Bioretention Soils and Soil-Based Filter Media

Bioretention soils and soil-based filter media is typically a sand filter to which amendments are added to remove dissolved pollutants. The soil mix used for bioretention systems is central fro determining flow control and water quality treatment performance. To perform properly, the soil must provide desired infiltration rate, support vegetation and soil and provide water quality treatment. Specifications for biofiltration soil are outlined by each state.

SWEMA Bioretention Maintenance Procedures

Bioretention systems should be maintained regularly to ensure successful operation of both water quality and hydraulic performance, and extend the longevity of these operations. Maintenance should occur annually at a minimum, and ideally be scheduled in the spring to remove fall and winter debris, i.e. leaves from trees and accumulation of road salts and sands. Each bioretention system should have a tailored maintenance schedule, since the maintenance activities will vary by site depending on land use and the plant palette selected. The maintenance and inspection procedures outlined below are in accordance with recommendations provided in many regulatory BMP manuals.

Inspection Procedures

During the first year of vegetation establishment, inspections are necessary to ensure the system is functioning as designed. Initial inspections should involve at least one visit to the site installation following a large storm event, i.e. ½ inch storm depth or greater. Additionally, the following should be noted during an inspection:

  • Standing water: If water is still present 48 hours after a large rain event, the clean out pipe should be inspected for standing water. Water should be poured into the clean out pipe to ascertain whether the under drain system is functioning properly. If a piped under drain system is present, observations should be made where the pipe discharges to ensure the standing water is not due to a site issue downstream. Snaking of the pipe will be necessary if it is clogged. If the clean out pipe is free of water, the issue is likely surface occlusion or clogging within the media bed, and immediate maintenance will be required to remedy the issue. Check for clogged or slow-draining soil media, a crust formed on the top layer, inappropriate soil media, or other causes of insufficient filtering time, and restore proper filtration characteristics. Remove accumulated sediment and, if necessary, the top few inches of bioretention media depending on the severity of the occlusion.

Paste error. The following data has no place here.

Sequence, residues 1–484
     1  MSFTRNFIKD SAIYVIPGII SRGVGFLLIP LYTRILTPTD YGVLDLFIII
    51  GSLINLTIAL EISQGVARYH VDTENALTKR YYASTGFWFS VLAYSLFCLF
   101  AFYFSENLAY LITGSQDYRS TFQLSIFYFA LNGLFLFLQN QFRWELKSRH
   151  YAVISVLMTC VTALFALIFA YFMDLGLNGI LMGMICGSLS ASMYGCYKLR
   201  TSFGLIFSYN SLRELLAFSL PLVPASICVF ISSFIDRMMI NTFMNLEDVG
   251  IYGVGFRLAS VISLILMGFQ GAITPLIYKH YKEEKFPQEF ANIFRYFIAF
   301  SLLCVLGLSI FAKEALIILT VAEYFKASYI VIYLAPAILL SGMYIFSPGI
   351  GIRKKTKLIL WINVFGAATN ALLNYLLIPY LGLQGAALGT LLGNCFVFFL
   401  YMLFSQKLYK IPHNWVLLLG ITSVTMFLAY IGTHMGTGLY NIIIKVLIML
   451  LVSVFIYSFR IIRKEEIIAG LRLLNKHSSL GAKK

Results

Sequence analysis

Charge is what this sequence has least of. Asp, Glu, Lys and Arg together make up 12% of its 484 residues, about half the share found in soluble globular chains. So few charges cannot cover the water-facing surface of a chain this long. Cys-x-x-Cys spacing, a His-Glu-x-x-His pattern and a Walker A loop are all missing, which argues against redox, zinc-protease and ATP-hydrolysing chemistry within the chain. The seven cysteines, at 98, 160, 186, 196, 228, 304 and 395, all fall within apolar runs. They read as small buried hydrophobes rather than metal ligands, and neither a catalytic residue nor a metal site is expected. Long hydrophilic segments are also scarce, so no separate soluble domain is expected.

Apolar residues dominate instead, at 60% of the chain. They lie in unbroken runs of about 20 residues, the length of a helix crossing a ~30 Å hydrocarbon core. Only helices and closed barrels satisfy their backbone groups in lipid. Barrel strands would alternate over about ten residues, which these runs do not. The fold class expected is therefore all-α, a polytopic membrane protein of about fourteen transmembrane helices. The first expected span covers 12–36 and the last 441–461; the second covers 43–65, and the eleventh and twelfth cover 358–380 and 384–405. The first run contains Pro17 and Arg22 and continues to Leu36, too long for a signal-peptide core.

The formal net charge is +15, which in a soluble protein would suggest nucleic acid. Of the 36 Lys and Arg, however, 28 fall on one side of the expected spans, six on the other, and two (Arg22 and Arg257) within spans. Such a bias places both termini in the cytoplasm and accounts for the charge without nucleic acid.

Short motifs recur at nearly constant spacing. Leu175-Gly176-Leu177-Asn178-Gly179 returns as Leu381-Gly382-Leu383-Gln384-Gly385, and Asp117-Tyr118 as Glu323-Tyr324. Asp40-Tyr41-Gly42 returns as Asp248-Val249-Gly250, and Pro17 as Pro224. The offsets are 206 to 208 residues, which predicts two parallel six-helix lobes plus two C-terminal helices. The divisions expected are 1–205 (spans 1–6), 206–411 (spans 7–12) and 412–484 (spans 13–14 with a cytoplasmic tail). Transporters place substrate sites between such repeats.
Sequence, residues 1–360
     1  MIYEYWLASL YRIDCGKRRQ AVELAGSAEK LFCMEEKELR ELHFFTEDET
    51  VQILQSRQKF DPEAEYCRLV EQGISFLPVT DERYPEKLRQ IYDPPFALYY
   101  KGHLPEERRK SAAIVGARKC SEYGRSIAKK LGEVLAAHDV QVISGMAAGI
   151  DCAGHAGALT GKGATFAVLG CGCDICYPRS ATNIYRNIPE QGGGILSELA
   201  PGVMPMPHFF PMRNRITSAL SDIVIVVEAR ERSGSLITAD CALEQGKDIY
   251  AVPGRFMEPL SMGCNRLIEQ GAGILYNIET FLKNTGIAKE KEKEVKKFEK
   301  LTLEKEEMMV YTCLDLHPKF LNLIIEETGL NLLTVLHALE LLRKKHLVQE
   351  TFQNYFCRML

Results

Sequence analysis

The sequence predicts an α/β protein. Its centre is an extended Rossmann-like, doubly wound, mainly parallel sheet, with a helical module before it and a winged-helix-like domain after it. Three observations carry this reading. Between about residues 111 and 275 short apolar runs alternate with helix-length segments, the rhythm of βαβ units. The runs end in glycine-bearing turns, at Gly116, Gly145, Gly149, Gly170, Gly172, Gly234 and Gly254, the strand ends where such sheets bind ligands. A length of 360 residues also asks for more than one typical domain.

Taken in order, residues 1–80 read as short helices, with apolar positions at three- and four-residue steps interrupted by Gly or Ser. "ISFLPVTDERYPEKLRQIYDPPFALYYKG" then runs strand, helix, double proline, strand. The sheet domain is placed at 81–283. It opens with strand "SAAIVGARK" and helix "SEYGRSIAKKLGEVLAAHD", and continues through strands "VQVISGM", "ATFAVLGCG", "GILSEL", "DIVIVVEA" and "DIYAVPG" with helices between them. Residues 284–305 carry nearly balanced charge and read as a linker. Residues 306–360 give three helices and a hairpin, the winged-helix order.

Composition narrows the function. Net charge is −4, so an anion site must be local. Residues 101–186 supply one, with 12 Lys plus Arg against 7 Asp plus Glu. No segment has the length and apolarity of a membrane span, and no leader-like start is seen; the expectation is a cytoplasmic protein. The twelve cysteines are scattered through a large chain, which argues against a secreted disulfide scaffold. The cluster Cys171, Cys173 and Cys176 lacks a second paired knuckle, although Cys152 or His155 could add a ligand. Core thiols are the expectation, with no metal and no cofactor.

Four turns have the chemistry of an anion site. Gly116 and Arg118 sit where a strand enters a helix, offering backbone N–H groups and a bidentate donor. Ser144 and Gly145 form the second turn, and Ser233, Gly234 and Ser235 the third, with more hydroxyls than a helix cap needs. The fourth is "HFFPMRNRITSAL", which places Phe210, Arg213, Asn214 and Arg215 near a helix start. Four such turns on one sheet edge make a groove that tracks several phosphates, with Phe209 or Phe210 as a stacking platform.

• Scour: Evidence of scour on the bioretention bed surface area should be alleviated by the addition of energy dissipater stones, pavers, matting or other erosion control. Remediate any concentrated flows that may be causing the scour.
  • Erosion: areas that appear eroded within the contributing drainage area or around the bioretention area should immediately be stabilized with grass or other surface cover.
  • Plant replacement: Some plant die off is not uncommon during the first year, and therefore plant replacement may be necessary. Plant replacement may also be necessary due to plant die off from hard winter or salt exposure, and should be substituted with hardier plant species.
  • Mulch floatation: If mulch floatation is evident, a mulch substitute will be necessary unless it is fresh mulch, which typically floats after the first few events.
  • Irrigation: Water requirements should be based on local climate. Watering should occur weekly during the first 2 months for moderate to heavy rainfall areas, and then as needed during the first growing season, depending on rainfall. For bioretention systems in drier climates, supplemental irrigation during the first 2-3 years after planting will be necessary. Little additional water after this period should be required for drought tolerant vegetation, with the exception of extended drought periods. Maintenance plans should include a watering schedule encompassing this information.
  • Maintenance frequency: Sediment loading will vary from site to site, and inspections should be performed at least twice throughout the first year following installation to evaluate whether maintenance frequency must be altered for the system to function as designed.
  • Sediment buildup: Remove sediment accumulation at curb cuts or other entry points that inhibit flow into the bed. Other signs of bypass should also be evaluated.

 

Resources:

Low Impact Development Center. April 2010. Low Impact Development Manual for Southern California. Prepared for the Southern California Stormwater Monitoring Coalition, in cooperation with the State Water Resources Control Board. https://www.casqa.org/sites/default/files/downloads/socallid-manual-final-040910.pdf

Prince George’s County, Maryland. Environmental Services Division. Dept. of Environmental Resources. Revised 2007. Bioretention Manual.

U.S. Environmental Protection Agency. September 1999. Stormwater Technology Fact Sheet Bioretention.  EPA Fact Sheet: Stormwater Technology Fact Sheet Bioretention

Virginia Department of Environmental Quality. January 2013. Draft Virginia DEQ Stormwater Design Specification No. 9: Bioretention. Version 2.0. http://www.deq.virginia.gov/fileshare/wps/2013_DRAFT_BMP_Specs/

Providers

 Providers of Bioretention and Soil-Based Filter Media